About Me

My photo
Robin Parry is the husband of but one wife (Carol) and the father of the two most beautiful girls in the universe (Hannah and Jessica). He also has a lovely cat called Monty (who has only three legs). Living in the city of Worcester, UK, he works as an Editor for Wipf and Stock — a US-based theological publisher. Robin was a Sixth Form College teacher for 11 years and has worked in publishing since 2001 (2001–2010 for Paternoster and 2010– for W&S).

Tuesday, 29 July 2014

What is polytheism? Do polytheists exist?

I have wondered recently what polytheism is. In theory it is simple: monotheists believe that there is one god and polytheists believe that there are lots of gods. Thus, Muslims, for instance, are monotheists and Hindus are polytheists.

But it is not as simple as that. The ambiguity concerns what we mean by "God" and "gods."

Take the Bible. In the Good Book the term "god" is not reserved for Yhwh, the god of Israel. The Bible recognizes many gods. (Ps 82:6, addressed to the divine council, is a classic instance of this, quoted approvingly by Jesus in John 10:34 on the very issue of a plurality of gods.) The gods of the Old Testament are heavenly beings that rule over the nations. Yhwh is one of many 'elohim (gods).

So is Yhwh just one god among many? Is the Bible polytheist?
Not in any simple way.

Yhwh created the other gods and rules over them. He alone is thus spoken of as "the god." Yhwh is incomparable and in a league of his own. Yhwh alone is the creator, the source of all things. The other gods simply mediate his rule over creation. So we are not wrong to cap "God" when we speak of Yhwh. He is not simply another god; he is the God of gods.

I've been reading a lot of Plato recently and sometimes he seems to offer a not dissimilar picture. Plato was an ancient Athenian and we all know that Athens was polytheistic, awash with multiple gods. Plato too recognized these gods (though he distanced himself from some of the crude and immoral stories of the gods). He even saw the cosmos itself as a living being, which he calls a god. So he was a polytheist, right? Well, that depends what you mean. Plato seems to see the ultimate ground of all things as single and unitary—the Form of the Good (what neoplatonists called "The One"). When he tells his creation story he tells it in terms of a single divine craftsman who creates the gods, including the divine cosmos. Not all gods are equal in Plato's cosmos. In one sense, Plato was a monotheist—though we'd need to be careful how we spelled out exactly what we meant by the term when speaking of him.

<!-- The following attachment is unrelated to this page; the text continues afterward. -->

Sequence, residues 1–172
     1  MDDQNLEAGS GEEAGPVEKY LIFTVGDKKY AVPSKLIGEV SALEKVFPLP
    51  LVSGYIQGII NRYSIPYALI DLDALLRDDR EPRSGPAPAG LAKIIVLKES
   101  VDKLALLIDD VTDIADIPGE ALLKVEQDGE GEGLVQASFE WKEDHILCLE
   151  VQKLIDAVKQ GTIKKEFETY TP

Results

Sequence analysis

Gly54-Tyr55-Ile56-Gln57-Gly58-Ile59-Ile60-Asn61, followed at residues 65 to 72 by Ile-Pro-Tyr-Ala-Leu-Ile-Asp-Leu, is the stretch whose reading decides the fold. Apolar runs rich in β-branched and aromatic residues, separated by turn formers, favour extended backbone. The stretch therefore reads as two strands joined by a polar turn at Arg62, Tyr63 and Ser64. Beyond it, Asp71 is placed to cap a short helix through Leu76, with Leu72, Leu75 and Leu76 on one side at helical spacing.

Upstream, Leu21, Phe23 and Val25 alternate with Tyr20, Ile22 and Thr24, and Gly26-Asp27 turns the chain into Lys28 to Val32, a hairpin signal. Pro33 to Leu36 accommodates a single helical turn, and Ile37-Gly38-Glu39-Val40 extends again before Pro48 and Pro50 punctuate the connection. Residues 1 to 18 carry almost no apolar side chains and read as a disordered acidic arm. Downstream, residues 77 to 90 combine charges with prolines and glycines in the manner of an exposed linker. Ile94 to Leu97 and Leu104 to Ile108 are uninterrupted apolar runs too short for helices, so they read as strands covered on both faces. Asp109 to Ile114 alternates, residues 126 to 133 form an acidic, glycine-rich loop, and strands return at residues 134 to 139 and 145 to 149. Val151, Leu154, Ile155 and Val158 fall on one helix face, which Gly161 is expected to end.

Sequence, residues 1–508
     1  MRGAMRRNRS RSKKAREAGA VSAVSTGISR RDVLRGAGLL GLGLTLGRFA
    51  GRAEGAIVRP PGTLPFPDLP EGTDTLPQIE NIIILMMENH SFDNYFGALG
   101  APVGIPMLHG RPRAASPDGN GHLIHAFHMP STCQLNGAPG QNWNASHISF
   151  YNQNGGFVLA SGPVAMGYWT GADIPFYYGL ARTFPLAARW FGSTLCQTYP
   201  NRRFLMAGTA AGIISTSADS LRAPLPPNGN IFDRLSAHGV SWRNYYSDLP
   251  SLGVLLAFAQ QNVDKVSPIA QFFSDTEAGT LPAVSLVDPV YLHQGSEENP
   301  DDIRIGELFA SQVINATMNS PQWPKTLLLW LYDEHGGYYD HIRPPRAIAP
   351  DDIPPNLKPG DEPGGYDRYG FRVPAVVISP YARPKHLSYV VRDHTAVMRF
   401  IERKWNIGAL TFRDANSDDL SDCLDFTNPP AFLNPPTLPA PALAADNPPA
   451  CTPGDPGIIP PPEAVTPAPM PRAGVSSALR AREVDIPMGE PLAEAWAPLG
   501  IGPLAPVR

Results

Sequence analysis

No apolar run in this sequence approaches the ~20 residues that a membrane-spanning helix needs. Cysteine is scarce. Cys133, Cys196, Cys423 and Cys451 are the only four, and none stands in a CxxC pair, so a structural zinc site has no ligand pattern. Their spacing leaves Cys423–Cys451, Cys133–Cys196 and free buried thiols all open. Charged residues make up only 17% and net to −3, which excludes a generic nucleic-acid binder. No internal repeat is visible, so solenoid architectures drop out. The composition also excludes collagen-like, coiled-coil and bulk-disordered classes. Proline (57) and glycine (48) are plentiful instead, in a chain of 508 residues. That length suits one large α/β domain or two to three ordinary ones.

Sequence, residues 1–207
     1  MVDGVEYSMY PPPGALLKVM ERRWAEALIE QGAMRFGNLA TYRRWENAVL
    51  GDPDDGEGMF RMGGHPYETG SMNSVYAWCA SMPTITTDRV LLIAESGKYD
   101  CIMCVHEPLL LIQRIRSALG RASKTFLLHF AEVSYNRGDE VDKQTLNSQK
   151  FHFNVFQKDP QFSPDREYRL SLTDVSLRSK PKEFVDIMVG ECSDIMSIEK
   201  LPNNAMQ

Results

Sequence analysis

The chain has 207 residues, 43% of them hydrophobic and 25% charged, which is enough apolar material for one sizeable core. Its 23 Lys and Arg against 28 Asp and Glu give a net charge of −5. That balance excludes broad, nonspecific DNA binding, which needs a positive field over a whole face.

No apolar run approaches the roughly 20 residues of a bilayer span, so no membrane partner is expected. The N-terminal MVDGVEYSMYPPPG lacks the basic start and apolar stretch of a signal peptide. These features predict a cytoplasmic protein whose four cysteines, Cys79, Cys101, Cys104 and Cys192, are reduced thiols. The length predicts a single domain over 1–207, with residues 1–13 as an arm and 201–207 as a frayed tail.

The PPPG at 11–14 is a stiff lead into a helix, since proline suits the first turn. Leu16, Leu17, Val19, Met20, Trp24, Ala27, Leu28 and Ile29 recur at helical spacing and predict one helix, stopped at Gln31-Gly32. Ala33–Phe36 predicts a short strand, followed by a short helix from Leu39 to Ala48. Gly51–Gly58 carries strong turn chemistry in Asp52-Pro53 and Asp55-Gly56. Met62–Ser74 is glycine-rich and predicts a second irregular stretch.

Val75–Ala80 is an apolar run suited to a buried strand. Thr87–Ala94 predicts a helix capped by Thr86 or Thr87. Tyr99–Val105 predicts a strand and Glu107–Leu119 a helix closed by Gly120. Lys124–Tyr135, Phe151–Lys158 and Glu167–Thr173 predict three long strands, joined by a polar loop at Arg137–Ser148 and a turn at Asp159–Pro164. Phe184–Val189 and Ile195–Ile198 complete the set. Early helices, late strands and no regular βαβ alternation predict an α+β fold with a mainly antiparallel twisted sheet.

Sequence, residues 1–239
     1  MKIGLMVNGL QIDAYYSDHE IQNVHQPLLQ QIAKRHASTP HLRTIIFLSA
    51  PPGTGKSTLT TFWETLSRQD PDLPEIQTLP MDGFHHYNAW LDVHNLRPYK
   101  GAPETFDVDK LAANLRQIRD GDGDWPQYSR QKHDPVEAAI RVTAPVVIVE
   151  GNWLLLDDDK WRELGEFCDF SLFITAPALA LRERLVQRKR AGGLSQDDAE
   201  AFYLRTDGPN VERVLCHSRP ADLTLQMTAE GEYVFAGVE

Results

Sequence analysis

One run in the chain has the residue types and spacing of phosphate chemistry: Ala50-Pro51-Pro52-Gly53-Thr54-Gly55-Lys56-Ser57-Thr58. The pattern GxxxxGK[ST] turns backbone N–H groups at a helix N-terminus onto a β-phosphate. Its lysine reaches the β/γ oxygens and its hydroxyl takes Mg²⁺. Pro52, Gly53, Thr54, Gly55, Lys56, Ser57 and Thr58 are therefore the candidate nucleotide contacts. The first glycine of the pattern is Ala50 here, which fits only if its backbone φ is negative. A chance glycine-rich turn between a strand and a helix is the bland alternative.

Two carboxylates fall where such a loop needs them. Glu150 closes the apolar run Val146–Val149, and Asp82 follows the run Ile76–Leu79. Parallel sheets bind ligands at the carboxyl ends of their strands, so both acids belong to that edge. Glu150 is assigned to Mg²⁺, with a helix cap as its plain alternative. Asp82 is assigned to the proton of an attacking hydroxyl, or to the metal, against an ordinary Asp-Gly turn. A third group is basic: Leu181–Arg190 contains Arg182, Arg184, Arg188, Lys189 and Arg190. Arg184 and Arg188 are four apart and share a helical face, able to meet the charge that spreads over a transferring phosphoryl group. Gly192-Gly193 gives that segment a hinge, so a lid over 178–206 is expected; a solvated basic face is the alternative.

Much the same can be said about sophisticated versions of Hinduism, in which the gods are aspects of a single ultimate divine reality. (By "sophisticated" I do not mean new versions of Indian traditions that aim to respond to monotheistic faiths by claiming to say the same thing. I mean ancient interpretations of those traditions that the most intellectually vigorous elements in the tradition have affirmed.) What may superficially seem like polytheism may turn out to be more complicated than that, and to affirm a single ultimate divine source of reality.

Indeed, one wonders whether the normal uses of monotheism and polytheism involve a category mistake. When monotheists affirm one God they are, among other things, affirming a single divine reality upon which everything else depends. The mistake is assuming that everything referred to as a "god" in a religious context is intended to fit into that category. It is not. So we need to look below the surface level of simply counting up the entities named as "gods" when deciding whether a religion is monotheistic or not.
Indeed, perhaps the categories themselves are only of limited value, concealing as much as they reveal.

Be that as it may—the biblical faith of the church is that there is one God, the Father Almighty, maker of heaven and earth. This, however, does not exclude acknowledging the existence of lesser gods (whatever we may mean by that); it only excludes the worship of them.


James Goetz said...